Car torched at home of flour baron's son
A Mercedes-Benz belonging to Jerry Sung Yee-ven, son of the Hong Kong Flour Mills founder, was vandalised and set on fire outside his home yesterday and a warning daubed on a wall beside it.
Police were called to the two-storey house in Kadoorie Avenue, Ho Man Tin, at about 10am when Mr Sung's 49-year-old chauffeur arrived for work and found the dark blue vehicle, parked outside a garage, wrecked.
Mr Sung, youngest son of the late David Sung Ling-fang, and his family were out of town. A watchman had guarded the house overnight.
A police spokesman said the car's right rear door window had been broken open and the interior burned and blackened. 'A burned plastic bottle containing inflammable liquid was found on the rear passenger seat,' the spokesman said. 'Words like 'beware', written in Chinese characters, were daubed in black paint on the wall next to the vehicle.' Staff at the house told police Mr Sung visited Hong Kong once or twice a year. They said they did not know why the vehicle had been set alight.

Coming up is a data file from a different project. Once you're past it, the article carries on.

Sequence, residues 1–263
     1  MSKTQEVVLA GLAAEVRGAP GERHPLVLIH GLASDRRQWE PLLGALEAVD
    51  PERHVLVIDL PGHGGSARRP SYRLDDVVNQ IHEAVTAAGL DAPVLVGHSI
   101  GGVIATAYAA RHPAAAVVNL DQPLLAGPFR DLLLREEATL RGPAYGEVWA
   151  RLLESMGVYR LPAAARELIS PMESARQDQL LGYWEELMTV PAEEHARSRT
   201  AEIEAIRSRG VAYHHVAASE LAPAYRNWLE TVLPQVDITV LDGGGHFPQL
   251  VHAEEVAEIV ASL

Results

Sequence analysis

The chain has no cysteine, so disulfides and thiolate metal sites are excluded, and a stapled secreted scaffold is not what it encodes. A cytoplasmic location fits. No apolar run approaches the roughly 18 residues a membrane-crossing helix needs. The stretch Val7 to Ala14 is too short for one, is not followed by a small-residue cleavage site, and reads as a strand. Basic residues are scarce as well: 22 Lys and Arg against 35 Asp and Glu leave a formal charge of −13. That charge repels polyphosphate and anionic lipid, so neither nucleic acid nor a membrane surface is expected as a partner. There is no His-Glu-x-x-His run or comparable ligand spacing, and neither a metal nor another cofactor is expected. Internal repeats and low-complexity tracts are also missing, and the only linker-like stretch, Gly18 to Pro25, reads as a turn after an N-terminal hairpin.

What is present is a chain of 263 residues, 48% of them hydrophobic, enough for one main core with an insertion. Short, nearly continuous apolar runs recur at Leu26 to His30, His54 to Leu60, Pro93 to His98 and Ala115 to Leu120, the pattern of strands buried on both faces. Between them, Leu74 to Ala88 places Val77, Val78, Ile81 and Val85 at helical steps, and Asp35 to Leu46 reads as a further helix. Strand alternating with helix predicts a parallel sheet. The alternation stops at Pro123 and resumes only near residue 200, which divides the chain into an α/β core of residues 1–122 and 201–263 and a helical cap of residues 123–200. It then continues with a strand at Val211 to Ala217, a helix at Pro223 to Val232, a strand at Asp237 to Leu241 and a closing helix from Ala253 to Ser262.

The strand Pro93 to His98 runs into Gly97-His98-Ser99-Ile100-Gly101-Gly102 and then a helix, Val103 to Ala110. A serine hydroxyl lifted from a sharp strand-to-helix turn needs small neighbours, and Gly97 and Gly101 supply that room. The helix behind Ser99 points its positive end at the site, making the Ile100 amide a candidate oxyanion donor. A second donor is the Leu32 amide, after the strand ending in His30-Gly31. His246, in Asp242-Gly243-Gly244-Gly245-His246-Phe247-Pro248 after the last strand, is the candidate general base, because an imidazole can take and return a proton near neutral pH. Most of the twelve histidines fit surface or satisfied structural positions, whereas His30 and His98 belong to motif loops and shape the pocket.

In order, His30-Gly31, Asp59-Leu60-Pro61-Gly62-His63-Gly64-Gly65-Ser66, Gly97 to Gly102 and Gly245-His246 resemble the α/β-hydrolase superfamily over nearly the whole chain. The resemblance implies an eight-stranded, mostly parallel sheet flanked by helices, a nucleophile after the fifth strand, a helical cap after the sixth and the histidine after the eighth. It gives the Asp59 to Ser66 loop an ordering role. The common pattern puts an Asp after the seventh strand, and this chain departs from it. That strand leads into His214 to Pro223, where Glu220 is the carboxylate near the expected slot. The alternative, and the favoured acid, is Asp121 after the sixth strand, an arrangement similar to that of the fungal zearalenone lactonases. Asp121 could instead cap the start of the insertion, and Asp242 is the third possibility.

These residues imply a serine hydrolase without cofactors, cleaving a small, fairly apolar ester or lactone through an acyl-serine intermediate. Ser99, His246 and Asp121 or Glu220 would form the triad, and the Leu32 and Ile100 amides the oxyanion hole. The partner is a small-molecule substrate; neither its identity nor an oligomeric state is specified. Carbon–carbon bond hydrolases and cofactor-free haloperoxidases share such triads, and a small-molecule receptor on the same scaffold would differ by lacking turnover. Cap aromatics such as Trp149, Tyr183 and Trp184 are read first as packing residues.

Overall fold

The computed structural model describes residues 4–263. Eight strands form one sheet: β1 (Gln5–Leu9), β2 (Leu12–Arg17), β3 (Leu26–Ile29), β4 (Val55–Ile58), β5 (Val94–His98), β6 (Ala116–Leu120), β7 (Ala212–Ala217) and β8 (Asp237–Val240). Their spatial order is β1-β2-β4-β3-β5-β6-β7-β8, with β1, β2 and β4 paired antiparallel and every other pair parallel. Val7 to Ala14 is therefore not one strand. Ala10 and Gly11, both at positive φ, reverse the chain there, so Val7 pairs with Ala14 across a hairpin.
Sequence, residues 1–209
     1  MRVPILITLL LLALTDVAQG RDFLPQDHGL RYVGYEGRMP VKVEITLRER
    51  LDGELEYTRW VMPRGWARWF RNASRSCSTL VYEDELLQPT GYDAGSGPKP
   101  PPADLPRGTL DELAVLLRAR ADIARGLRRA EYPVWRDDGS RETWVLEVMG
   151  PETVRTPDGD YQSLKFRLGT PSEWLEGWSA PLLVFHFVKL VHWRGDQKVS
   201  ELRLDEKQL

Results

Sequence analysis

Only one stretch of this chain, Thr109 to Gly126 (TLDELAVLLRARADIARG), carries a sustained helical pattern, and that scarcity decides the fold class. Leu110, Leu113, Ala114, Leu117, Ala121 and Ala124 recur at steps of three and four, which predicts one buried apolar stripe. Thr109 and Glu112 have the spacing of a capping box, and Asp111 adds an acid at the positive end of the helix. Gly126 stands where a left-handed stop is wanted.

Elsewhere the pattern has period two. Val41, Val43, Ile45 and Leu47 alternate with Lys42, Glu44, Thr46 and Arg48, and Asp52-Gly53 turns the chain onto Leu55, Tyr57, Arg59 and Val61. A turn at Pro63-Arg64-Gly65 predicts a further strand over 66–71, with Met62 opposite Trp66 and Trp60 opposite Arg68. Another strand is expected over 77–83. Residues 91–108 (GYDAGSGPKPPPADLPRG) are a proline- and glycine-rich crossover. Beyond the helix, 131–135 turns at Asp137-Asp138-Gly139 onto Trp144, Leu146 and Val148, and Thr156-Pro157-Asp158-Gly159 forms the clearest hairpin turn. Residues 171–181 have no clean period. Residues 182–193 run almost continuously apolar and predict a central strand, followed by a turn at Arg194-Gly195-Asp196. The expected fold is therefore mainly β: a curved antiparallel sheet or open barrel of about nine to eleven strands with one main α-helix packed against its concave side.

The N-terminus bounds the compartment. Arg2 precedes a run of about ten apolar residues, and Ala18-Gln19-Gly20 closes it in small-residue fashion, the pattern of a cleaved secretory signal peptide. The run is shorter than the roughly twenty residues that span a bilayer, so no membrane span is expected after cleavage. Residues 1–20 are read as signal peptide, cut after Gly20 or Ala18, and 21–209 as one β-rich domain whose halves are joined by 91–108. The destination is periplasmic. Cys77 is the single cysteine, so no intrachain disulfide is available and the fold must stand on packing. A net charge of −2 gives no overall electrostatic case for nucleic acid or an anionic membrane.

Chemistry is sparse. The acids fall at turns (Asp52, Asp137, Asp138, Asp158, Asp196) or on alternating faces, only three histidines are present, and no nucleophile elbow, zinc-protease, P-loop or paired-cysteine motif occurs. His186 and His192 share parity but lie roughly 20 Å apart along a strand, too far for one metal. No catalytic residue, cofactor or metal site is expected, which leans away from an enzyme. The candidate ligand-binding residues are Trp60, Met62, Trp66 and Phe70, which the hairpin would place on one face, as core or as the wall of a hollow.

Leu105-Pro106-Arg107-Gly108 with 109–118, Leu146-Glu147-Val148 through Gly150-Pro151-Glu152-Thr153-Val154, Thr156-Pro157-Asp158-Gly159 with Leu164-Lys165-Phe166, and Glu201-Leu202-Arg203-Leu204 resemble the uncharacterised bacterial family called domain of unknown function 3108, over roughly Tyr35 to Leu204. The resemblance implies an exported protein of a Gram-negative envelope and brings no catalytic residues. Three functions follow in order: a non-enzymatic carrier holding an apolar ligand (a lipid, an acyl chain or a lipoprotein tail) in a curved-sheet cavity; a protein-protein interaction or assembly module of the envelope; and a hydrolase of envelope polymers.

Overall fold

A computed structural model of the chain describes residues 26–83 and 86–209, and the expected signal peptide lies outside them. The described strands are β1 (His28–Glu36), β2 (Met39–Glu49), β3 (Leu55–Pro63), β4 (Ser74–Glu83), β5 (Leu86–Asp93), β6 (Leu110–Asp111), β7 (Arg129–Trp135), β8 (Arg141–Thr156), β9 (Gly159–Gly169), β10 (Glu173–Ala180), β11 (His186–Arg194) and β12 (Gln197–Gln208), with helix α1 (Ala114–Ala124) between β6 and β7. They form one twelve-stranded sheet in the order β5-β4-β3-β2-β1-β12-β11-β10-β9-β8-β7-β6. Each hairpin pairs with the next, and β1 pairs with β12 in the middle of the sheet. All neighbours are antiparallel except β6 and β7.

Mr Sung is the former managing director of Hong Kong Flour Mills which was sold to Lam Soon (Hong Kong) in 1989. He is understood to be keenly interested in horse racing in Hong Kong and Asia.
His father, who established the company in 1954 and died in 1970, was decorated by the Sultan of Perak for his contributions to industrialisation in the Malaysian state and his philanthropic activities.
Kowloon City detectives are investigating the attack.
In March, two cars belonging to National People's Congress deputy Tsang Hin-chi were destroyed in arson attacks at his Kowloon City house. Mr Tsang, the chairman of fashion retailer Goldlion Holdings, his son Tsang Chi-ming, four domestic staff and two nurses had to be evacuated from the Chester Road home after a Mercedes and another family car were set alight.